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Atomic dating using isotopes

The sum of protons plus neutrons is the mass number.

We designate a specific group of atoms by using the term "nuclide." A nuclide refers to a group of atoms with specified atomic number and mass number.

Radioactive elements "decay" (that is, change into other elements) by "half lives." If a half life is equal to one year, then one half of the radioactive element will have decayed in the first year after the mineral was formed; one half of the remainder will decay in the next year (leaving one-fourth remaining), and so forth.

The formula for the fraction remaining is one-half raised to the power given by the number of years divided by the half-life (in other words raised to a power equal to the number of half-lives).

Therefore the amount of argon formed provides a direct measurement of the amount of potassium-40 present in the specimen when it was originally formed.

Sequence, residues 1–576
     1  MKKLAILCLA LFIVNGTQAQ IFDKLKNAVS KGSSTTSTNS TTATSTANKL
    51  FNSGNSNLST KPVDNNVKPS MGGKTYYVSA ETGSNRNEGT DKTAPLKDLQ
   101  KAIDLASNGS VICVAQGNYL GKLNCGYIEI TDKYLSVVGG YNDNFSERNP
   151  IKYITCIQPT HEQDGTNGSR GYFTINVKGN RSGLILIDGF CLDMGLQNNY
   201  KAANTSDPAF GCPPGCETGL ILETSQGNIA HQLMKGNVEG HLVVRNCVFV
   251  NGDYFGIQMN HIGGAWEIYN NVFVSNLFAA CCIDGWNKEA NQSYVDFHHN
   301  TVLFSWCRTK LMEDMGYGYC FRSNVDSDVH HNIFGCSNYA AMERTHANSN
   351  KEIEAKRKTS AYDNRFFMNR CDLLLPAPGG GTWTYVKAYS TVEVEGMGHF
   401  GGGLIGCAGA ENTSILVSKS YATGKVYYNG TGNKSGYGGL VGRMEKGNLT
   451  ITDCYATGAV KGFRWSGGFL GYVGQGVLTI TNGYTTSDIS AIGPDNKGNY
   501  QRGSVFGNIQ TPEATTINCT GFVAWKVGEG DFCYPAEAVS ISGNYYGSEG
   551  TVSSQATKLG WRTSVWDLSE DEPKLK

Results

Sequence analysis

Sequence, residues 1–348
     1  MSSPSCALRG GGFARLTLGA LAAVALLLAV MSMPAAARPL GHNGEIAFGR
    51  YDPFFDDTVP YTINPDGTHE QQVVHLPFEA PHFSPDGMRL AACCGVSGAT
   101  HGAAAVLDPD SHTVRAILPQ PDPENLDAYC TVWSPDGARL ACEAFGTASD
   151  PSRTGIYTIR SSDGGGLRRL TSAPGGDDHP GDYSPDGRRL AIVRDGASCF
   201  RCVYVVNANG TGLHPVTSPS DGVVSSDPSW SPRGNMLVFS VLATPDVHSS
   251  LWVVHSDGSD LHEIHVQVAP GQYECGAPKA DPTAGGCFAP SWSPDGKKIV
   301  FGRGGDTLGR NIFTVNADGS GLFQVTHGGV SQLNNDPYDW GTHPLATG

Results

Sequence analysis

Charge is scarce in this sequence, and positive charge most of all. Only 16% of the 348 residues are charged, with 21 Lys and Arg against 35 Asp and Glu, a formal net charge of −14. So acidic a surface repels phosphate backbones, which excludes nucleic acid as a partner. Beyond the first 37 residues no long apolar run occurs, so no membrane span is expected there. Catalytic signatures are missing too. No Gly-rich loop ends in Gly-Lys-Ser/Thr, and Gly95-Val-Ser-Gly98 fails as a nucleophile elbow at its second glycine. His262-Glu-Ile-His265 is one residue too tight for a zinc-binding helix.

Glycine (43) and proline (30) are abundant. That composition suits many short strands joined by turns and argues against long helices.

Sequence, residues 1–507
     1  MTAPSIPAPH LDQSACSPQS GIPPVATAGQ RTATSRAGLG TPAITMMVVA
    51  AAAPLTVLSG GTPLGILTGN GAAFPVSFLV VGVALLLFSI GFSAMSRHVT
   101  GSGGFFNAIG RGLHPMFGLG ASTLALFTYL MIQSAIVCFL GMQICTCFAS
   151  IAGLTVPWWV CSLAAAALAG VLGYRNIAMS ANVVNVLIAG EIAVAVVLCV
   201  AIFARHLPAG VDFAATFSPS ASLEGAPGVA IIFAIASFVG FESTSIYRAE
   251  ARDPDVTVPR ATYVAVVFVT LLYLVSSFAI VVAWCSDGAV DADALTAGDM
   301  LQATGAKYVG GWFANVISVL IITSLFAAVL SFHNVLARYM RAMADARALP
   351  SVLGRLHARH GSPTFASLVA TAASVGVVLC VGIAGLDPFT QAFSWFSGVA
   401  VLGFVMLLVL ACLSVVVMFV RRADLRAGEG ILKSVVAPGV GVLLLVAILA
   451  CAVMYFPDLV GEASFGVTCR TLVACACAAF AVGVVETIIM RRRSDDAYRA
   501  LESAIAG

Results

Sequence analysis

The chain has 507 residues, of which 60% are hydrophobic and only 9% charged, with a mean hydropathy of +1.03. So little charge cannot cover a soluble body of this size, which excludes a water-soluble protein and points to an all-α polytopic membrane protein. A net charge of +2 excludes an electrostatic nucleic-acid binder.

Because argon is an inert gas, it is not possible that it might have been in the mineral when it was first formed from molten magma.

Strontium-87 is a stable element; it does not undergo further radioactive decay.

Potassium-Argon dating: The element potassium (symbol K) has three nuclides, K39, K40, and K41. K40 can decay in two different ways: it can break down into either calcium or argon.

The ratio of calcium formed to argon formed is fixed and known.

It has the same number of protons, otherwise it wouldn't be uranium.

The number of protons in the nucleus of an atom is called its atomic number.

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(Creationists claim that argon escape renders age determinations invalid.